Browse by author
Lookup NU author(s): Dr Adam WollmanORCiD
Full text for this publication is not currently held within this repository. Alternative links are provided below where available.
© The Authors Journal compilation ©2015 Biochemical Society. DNA-interacting proteins have roles in multiple processes, many operating as molecular machines which undergo dynamic meta-stable transitions to bring about their biological function. To fully understand this molecular heterogeneity, DNA and the proteins that bind to it must ideally be interrogated at a single molecule level in their native in vivo environments, in a time-resolved manner, fast enough to sample the molecular transitions across the free-energy landscape. Progress has been made over the past decade in utilizing cutting-edge tools of the physical sciences to address challenging biological questions concerning the function and modes of action of several different proteins which bind to DNA. These physiologically relevant assays are technically challenging but can be complemented by powerful and often more tractable in vitro experiments which confer advantages of the chemical environment with enhanced detection signal-to-noise of molecular signatures and transition events. In the present paper, we discuss a range of techniques we have developed to monitor DNA-protein interactions in vivo, in vitro and in silico. These include bespoke single-molecule fluorescence microscopy techniques to elucidate the architecture and dynamics of the bacterial replisome and the structural maintenance of bacterial chromosomes, as well as new computational tools to extract single-molecule molecular signatures from live cells to monitor stoichiometry, spatial localization and mobility in living cells. We also discuss recent developments from our laboratory made in vitro, complementing these in vivo studies, which combine optical and magnetic tweezers to manipulate and image single molecules of DNA, with and without bound protein, in a new super-resolution fluorescence microscope.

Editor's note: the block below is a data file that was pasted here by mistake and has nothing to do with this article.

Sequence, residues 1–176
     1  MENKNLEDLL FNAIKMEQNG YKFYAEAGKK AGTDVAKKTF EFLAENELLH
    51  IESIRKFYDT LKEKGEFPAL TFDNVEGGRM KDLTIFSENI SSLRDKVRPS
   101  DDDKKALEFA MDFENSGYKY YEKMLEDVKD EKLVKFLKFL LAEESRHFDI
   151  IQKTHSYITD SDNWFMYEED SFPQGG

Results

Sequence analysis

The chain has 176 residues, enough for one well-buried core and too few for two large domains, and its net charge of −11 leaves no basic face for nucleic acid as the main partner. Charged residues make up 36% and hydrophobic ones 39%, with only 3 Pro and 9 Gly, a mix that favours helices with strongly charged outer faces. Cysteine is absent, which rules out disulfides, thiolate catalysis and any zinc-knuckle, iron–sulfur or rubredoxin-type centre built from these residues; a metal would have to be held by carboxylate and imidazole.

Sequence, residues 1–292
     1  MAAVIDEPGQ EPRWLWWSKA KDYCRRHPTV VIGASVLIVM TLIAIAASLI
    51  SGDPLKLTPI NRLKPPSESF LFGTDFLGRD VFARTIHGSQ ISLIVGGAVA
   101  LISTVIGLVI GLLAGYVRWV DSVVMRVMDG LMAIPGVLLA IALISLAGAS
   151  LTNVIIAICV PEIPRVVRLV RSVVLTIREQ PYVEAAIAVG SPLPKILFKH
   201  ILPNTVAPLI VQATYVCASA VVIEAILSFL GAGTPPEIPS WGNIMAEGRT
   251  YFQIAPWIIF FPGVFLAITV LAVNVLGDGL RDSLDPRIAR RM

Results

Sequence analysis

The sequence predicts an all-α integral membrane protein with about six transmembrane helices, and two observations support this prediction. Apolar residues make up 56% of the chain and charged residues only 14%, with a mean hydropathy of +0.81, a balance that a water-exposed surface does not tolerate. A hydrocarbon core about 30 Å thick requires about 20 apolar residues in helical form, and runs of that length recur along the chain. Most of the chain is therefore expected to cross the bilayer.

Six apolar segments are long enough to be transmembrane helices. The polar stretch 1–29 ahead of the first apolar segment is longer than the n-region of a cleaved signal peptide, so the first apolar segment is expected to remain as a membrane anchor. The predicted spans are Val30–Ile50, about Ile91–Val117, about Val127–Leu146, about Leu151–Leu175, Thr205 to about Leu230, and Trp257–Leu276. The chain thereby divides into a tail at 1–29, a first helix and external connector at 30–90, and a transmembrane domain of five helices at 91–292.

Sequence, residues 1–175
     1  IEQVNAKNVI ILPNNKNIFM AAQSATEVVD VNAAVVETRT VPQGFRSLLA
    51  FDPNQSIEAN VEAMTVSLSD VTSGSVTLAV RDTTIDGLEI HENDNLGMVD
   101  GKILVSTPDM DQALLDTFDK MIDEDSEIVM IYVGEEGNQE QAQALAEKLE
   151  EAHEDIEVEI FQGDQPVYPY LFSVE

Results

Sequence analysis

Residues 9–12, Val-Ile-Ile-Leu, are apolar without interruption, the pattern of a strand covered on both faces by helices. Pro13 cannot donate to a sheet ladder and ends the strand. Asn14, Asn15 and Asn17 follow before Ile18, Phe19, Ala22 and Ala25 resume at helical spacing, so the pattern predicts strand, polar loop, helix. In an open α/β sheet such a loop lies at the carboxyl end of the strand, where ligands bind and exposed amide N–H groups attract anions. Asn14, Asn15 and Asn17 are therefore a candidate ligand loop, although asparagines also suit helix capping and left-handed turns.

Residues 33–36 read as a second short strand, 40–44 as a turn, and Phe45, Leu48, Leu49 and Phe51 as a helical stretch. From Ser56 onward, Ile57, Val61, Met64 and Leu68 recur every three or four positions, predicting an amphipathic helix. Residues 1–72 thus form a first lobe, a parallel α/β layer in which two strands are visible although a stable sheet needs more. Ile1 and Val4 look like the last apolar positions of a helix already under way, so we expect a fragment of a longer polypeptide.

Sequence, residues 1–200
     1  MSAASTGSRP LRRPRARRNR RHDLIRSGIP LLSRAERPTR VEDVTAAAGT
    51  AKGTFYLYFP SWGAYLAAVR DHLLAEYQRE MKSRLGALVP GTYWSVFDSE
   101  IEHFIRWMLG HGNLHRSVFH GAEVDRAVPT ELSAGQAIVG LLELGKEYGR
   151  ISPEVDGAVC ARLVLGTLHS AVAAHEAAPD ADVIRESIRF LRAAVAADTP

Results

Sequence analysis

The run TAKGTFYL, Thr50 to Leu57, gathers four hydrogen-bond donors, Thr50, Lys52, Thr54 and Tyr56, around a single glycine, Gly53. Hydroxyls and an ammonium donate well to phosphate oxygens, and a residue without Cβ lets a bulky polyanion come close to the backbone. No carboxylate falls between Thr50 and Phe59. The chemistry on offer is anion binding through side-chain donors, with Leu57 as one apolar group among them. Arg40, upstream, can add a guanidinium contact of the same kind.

Author(s): Wollman AJM, Miller H, Zhou Z, Leake MC
Publication type: Article
Publication status: Published
Journal: Biochemical Society Transactions
Print publication date: 01/04/2015
Acceptance date: 19/09/2014
ISSN (print): 0300-5127
ISSN (electronic): 1470-8752
Publisher: Portland Press Ltd
PubMed id: 26020443
Altmetrics provided by Altmetric